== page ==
A long time ago, when things were very different, we sat down face-to-face to speak with Susan Walsh - the one and only Classification Guru.

If you're looking for a genuinely inspiring business owner, then look no further. The importance of persistence, of having a passion for what you do, of surrounding yourself with the right people, and of wanting to make a difference - there is so much in here. Just don't call her an entrepreneur......or mention ghosting.


Before we get on to The Classification Guru, could you tell us a little about your back story?

Well my early career after university was in FMCG sales - National Account Executive, National Account Manager. I’ve kind of never known what I wanted to do, I just thought that's what I should be doing. I had ambitions to be a sales director and then I realised that, actually, I really didn't enjoy what I was doing and it wasn't for me.

So then I worked in a few more companies, had a bit of a bad experience, and then I got a bad wrist and had to have an operation. It was then that I decided that I was going to open a shop. In Guildford. Not the cheapest of places.

"I've never known what I wanted to do, I just thought it's what I should be doing."

Was that the realisation of a long-held ambition?

Well, I think I had been thinking about it for a while. I vaguely remember being at university doing a module on entrepreneurship and thinking at the time that I would like to have my own business, but I don't have an idea.

So then I had this idea for the shop. It was at a time when office culture was changing, so as a woman you didn't have to wear a suit anymore. You could wear smart casual like nice tops, dresses, skirts, trousers - that kind of thing - but there wasn't really anywhere that you could go for it. It was before the internet really took off, so I decided to open a shop. It looked amazing, you know, and people really liked the clothes - but in Guildford because it wasn't a brand, people wouldn't come in. They would walk past for months before even stepping foot in, even though I had the most amazing tartan handbags and wellies, and beautiful dresses.

You know, so many women left my shop feeling amazing because I got them to try on dresses that they would never have looked at if it had just been on a hanger. But it just wasn't enough. I ran up so much debt that I just had to close down in the end.

"So many women left my shop feeling amazing because I got them to try on dresses that they would never have looked at if it had just been on a hanger.

But it just wasn't enough"

Why do you think it didn’t survive?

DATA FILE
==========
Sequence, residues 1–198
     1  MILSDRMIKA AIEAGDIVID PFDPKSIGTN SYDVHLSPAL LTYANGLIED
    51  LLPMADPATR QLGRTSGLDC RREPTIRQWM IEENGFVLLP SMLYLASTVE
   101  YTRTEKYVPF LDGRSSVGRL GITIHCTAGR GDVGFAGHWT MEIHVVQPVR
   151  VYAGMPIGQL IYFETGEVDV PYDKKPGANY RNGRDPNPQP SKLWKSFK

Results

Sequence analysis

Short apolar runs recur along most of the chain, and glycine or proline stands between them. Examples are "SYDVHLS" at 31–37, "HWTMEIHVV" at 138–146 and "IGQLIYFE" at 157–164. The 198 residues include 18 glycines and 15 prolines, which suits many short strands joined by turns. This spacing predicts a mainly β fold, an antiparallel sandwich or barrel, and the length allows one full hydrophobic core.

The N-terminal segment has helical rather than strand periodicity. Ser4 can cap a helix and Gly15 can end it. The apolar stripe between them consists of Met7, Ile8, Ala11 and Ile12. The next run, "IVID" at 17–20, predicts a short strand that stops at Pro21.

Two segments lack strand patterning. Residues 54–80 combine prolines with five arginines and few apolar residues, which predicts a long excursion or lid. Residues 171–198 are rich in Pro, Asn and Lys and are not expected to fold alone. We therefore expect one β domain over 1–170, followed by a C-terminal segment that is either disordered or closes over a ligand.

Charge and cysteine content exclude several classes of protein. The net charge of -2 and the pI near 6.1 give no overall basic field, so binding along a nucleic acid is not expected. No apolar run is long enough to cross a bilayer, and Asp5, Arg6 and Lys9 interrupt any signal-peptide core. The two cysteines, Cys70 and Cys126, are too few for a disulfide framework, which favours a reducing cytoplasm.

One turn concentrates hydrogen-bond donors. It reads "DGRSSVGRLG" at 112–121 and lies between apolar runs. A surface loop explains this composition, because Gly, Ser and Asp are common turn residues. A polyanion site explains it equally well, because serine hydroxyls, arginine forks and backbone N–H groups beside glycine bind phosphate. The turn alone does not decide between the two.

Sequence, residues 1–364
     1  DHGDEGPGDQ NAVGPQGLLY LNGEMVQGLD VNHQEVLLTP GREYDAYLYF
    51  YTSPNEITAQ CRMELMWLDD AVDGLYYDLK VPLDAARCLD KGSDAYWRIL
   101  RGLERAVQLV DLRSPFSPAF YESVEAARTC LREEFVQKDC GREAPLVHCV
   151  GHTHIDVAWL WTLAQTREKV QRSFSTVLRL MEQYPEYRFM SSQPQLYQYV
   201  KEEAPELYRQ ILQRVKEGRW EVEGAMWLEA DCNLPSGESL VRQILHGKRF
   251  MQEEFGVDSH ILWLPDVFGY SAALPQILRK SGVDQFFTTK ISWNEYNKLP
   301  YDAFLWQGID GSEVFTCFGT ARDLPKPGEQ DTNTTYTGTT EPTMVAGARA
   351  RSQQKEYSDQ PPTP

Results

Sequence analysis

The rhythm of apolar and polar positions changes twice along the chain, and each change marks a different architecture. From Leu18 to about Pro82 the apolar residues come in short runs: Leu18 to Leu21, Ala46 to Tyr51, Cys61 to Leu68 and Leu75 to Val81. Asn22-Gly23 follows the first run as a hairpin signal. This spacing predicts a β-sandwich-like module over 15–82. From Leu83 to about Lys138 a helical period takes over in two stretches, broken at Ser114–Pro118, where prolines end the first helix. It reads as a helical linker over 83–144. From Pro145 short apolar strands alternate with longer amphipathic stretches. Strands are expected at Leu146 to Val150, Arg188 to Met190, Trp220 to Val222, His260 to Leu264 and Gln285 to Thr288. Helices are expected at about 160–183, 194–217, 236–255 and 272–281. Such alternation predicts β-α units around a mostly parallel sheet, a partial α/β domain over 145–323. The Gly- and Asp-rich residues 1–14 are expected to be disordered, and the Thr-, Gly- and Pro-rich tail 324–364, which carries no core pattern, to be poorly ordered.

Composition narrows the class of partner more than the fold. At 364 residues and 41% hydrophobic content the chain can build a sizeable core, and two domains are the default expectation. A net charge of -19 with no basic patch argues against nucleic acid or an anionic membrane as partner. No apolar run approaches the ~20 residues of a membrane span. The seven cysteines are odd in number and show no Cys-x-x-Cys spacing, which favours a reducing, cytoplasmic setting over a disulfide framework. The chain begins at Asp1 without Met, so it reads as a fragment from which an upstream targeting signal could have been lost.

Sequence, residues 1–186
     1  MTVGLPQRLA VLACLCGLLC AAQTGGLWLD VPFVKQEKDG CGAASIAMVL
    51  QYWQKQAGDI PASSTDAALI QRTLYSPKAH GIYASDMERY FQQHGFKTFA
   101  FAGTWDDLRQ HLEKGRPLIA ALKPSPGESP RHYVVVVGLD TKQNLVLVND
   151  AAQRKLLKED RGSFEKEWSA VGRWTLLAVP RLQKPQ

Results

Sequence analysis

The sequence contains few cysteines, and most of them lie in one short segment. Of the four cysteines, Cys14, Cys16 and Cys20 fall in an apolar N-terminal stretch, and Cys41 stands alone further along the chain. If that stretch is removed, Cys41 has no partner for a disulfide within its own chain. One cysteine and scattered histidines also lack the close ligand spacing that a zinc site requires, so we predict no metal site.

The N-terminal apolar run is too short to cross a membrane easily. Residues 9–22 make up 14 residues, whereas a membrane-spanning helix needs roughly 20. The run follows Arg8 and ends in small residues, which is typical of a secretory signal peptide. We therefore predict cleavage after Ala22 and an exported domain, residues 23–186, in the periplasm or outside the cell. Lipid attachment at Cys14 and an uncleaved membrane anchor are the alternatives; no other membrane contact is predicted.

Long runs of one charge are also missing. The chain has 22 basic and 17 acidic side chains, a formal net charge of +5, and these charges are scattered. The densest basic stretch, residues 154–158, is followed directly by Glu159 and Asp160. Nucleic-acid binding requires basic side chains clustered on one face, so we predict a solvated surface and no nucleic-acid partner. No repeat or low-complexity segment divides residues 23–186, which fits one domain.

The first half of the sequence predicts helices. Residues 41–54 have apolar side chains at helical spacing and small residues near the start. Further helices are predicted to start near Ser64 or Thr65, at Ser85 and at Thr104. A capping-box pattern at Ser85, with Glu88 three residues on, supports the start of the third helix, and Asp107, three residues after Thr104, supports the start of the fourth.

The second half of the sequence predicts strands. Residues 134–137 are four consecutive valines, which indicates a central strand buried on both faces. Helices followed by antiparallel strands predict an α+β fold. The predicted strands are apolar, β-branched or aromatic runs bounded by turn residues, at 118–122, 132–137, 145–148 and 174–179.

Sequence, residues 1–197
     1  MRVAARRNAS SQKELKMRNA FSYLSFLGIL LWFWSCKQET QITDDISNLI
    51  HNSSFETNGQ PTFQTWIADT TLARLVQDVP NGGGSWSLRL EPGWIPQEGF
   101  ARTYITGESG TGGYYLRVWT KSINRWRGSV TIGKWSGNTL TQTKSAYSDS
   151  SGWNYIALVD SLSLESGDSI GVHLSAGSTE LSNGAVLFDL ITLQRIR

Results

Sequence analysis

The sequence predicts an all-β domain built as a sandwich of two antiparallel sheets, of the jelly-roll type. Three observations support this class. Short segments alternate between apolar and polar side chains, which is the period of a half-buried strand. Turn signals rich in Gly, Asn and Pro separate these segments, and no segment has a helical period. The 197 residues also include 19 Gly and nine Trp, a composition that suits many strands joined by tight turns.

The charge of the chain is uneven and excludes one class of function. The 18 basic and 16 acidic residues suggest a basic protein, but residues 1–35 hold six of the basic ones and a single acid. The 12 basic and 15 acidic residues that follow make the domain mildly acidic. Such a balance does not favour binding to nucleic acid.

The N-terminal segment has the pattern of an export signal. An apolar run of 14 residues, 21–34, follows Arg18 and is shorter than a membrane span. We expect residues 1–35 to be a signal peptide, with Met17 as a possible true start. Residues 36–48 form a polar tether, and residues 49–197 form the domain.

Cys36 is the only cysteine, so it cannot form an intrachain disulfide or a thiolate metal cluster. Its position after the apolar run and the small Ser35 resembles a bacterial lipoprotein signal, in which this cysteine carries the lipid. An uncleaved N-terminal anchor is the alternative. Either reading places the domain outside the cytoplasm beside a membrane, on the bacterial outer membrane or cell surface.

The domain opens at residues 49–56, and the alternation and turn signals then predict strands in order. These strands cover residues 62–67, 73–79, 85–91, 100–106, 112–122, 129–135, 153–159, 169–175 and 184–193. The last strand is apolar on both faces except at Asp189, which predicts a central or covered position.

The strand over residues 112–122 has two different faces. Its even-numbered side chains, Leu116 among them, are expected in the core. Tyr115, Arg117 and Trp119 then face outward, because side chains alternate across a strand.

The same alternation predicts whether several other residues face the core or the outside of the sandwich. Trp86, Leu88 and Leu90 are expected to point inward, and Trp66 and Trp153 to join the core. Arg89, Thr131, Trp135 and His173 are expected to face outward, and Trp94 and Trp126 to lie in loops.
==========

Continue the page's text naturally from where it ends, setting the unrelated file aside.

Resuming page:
I think people at the time were obsessed with brands - I really think it was that. I had really good gifts and I was right by the market stalls so people were passing by at the weekend. Maybe the shop wasn't the right shop, maybe a different location within Guildford would have helped - you know, lots of what-ifs. The lease nearly fell through and I nearly went online so maybe that would have been different, but that wasn't the route that I wanted to take.

How long had you been open?

I'd been open about seven or eight months, I think. I opened just before Christmas thinking that would be a great time, but no.

It was typical that just as I was closing down, people would give me their number for when new stock was coming. I was starting to build it. I think from that I learned that with any business, you always need more money. No matter how much you've got, you always need more - and more time. It always takes longer than you think.

"With any business, no matter how much money or time you've got, you always need more."

It’s quite a leap from that to The Classification Guru.

Well I had to close the shop and I literally had no money to pay my bills. So I just needed a job and quick, so I went on Gumtree found an advert for data entry/data classification. I was like “Well, I'll do it.” And this is absolutely like a twist-of-fate kind of story as the guy happened to be in Guildford and had a spend analytics company.

So I started doing just the odd few hours here and there for him, but I found I was really good at it. I think it was because I'd come from a corporate background where I understood what businesses were spending things on, so I could classify it better. Rather than being a technical person who's looking at the black and white of it, I could see it from the point of view of “your business would be using this service for this”. I was really fast too. So I took on a contract job for about six months and at the end of that the guy said he had full-time work available so why don't I come on board. So I did.